460 horsepower, 30mpg: How GM’s Corvette engineers pulled off the impossible

By Amir Iliaifar — July 22, 2013
Digtial Trends


With the 2014 Chevy Corvette Stingray slated to hit dealerships early next year, there’s a good amount of buzz brewing over its arrival. Not only will the newest ‘Vette sport a heart-pounding V8, capable of generating 455 horsepower and 460 pound-feet of torque, along with a modest $52,000 price tag, but when equipped with a seven-speed manual transmission, Chevy’s claims that the Stingray will achieve up to 30 miles per gallon on the highway.

With jaw dropped firmly on the floor, I jumped on the horn with Chevrolet’s Bala Murthy, lead engineer for energy integration and Roger Clark, senior manager energy center to find out how the normally thirsty Corvette’s fuel-saving sorcery was accomplished.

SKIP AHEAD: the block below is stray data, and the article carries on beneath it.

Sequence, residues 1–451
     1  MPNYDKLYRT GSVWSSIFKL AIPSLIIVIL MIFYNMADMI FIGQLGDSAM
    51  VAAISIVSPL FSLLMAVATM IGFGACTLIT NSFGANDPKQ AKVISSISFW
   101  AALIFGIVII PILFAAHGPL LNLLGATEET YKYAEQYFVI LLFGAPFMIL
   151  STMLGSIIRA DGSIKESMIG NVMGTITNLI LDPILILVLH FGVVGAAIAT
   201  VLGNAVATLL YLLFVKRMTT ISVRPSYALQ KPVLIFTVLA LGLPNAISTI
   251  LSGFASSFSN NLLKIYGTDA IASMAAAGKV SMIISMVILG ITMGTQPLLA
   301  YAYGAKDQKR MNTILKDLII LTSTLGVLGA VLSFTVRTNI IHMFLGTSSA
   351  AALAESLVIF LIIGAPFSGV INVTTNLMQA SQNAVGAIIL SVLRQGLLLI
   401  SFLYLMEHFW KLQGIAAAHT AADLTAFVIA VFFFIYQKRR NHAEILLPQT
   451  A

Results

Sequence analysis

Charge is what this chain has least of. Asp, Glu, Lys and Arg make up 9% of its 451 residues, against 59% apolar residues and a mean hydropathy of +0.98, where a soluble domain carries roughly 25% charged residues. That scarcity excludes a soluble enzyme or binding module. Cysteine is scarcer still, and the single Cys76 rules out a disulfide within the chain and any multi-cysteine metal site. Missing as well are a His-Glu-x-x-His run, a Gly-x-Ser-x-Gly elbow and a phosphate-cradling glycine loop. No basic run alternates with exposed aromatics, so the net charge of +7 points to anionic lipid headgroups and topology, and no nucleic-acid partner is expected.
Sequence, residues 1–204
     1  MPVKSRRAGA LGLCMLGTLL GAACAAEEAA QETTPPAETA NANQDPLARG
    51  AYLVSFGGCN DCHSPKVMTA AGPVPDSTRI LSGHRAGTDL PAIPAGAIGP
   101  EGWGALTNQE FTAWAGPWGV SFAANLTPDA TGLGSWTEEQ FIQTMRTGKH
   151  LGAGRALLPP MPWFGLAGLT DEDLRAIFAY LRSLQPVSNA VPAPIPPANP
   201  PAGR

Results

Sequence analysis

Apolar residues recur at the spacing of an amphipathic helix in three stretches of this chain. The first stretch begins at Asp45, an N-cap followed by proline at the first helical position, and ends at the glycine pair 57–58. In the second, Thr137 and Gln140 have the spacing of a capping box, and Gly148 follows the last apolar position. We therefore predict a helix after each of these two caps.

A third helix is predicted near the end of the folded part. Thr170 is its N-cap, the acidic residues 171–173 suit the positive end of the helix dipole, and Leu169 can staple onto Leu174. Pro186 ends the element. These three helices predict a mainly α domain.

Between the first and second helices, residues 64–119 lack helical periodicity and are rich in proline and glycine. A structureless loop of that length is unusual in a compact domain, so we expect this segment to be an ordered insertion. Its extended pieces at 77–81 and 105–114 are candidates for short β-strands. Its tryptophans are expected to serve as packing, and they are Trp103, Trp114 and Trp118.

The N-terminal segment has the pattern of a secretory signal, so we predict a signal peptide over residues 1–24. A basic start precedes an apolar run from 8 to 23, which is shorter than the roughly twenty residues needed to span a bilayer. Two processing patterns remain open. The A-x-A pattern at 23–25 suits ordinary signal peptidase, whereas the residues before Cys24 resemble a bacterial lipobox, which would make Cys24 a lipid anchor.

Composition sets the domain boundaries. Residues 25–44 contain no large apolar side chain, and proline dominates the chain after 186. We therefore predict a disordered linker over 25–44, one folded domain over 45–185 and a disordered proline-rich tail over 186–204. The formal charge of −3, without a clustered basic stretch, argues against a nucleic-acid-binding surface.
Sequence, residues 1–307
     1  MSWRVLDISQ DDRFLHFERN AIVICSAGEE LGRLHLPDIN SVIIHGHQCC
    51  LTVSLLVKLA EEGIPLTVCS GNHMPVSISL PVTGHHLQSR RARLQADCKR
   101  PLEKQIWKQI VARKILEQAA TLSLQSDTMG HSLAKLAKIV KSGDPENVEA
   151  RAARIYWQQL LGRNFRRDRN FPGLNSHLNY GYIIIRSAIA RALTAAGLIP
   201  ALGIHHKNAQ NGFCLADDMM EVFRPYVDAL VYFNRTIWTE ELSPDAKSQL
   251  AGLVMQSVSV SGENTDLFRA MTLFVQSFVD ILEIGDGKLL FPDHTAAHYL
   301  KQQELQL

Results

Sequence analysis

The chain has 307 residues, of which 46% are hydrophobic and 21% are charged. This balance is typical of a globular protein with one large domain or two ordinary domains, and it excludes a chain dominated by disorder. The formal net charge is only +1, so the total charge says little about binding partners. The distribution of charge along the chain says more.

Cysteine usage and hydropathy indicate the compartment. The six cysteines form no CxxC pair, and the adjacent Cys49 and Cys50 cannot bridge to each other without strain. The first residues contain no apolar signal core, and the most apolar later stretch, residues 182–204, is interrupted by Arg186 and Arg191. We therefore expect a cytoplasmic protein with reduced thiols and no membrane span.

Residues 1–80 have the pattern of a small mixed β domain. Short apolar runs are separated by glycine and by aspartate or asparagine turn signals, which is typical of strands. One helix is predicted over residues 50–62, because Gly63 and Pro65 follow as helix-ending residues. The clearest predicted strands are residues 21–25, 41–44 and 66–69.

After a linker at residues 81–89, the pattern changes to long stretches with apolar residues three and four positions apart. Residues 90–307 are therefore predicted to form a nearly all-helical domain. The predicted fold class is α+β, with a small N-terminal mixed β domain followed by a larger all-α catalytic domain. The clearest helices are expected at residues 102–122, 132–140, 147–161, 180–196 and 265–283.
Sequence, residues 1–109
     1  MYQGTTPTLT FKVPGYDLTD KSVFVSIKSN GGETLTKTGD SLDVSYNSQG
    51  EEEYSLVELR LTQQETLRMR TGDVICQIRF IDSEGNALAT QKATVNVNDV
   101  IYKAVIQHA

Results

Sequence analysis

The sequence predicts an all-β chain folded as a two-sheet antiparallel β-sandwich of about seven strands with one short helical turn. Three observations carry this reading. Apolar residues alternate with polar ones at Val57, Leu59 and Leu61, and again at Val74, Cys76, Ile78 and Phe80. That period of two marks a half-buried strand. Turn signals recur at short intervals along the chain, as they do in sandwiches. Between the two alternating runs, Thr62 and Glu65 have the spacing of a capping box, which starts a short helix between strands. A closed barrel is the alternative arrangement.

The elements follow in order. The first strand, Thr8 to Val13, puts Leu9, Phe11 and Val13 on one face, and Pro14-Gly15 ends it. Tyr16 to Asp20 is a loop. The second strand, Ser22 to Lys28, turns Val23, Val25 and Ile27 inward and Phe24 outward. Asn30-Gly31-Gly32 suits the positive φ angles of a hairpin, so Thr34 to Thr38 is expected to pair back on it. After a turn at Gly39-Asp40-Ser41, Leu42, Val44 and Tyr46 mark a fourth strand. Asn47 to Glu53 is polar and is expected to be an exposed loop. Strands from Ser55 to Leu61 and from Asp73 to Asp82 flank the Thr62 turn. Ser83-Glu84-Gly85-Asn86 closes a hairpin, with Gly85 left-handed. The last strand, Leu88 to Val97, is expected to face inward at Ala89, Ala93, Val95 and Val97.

DT: The latest version of the Corvette has already gathered a lot of positive reaction. Now we hear the seven-speed manual is able to get up to 30 mpg on the highway. How were you guys were able to achieve that?

Roger Clark: We wanted to improve fuel economy while trying to match its heritage and history, so we had to focus on some of the fundamentals: things like tire rolling resistance, thinks like electric power steering. But the challenge is trying to have those systems that are really low in losses still provide the on-center feel [of the steering] and the responsiveness of a Corvette. We had two initiatives: tires, we greatly improved tire rolling resistance but we also went to electric power steering and both of those provided huge challenges in terms of keeping the Corvette’s performance level.

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